The food industry is spending millions of dollars on slick digital marketing campaigns promoting fatty and sugary products to teenagers and children on the Internet, on cell phones and even inside video games -- often without the knowledge of parents.
It used to be that food companies reached children mainly through television commercials broadcast during cartoon programs.
But now companies maintain flashy Internet sites with eye-catching graphics that allow kids and teens to interact with brand mascots, create their own characters, and even make their own ads and send them to friends.
Watch "World News" this evening for a full report on the eye-catching marketing of foods to children.
The effort extends to social-networking sites such as Twitter and Facebook, where companies have created fan pages and posted applications promoting their drinks and candies. On YouTube, kids can watch viral videos from Burger King and other food giants.
The marketing gurus behind Fanta soda have even developed technology that teens can download on their cell phones, which allows them to send audio messages to each other at high frequencies, sounds that adults over 25 cannot hear.
This digital marketing, critics say, flies under the radar of most parents -- even those who consider themselves vigilant about what their children watch and eat. Indeed, some parents told ABC News they have no idea such marketing even exists.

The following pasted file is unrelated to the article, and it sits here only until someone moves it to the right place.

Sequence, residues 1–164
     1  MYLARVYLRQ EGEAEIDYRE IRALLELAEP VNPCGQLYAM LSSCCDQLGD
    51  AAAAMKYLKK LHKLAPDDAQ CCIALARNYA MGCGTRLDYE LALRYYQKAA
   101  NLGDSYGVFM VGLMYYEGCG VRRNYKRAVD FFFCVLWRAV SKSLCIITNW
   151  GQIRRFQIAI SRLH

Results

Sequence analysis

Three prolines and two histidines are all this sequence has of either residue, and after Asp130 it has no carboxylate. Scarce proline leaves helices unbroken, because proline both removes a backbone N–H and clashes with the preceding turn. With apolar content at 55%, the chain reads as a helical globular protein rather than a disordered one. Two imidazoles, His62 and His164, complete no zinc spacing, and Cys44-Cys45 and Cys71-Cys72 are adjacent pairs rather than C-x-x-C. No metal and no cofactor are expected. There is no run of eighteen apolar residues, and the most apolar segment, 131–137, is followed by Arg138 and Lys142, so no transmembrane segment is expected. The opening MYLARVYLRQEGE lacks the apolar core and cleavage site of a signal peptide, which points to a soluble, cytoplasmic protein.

"I was very unaware of the fact that there were these commercials that were popping up on the Internet," said Alison Paul of Windham, N.H., a single mom whose son has struggled mightily with his weight.
"It does not make me happy to know that I'm working so hard to try and give my son a healthy life, and when the outside world is working against me, it's frustrating," she said.
Paul's son, Eli, 13, added, "I have seen them in video games and I've seen them on TV and on Facebook. It's annoying. You know, you don't want this big burger flashing in your face."
Jeffrey Chester and Kathryn Montgomery, themselves parents of a teenage girl, have been researching what's called "360 Marketing." Chester runs a watchdog group called the Center for Digital Democracy in Washington, D.C.; Montgomery is a professor of Communication at American University.
"The production values now on these sites are very professional -- full-motion video, often 3-D quality, terrific sound and high-quality animation. So this is not just an old-fashioned Web site; this is a really immersive experience that we're allowing kids to enter," Chester said.
"And in many ways it's really like becoming part of the commercial," his wife added.
At www.reesespuffs.com, kids can create their own avatars, dance to the Reese's Puffs rap and then share their dance with friends.
Like Reese's Puffs, Trix cereal is owned by General Mills and operates a site at www.sillyrabbit.com that goes far beyond its old television spot featuring a bouncing rabbit and the slogan, "Trix Are for Kids!" Children can enter a colorful "Trix World" where they can bowl at "Fruitalicious Lanes" or explore a "Rabbitropolis" that has a movie theater showing "Trix Toons."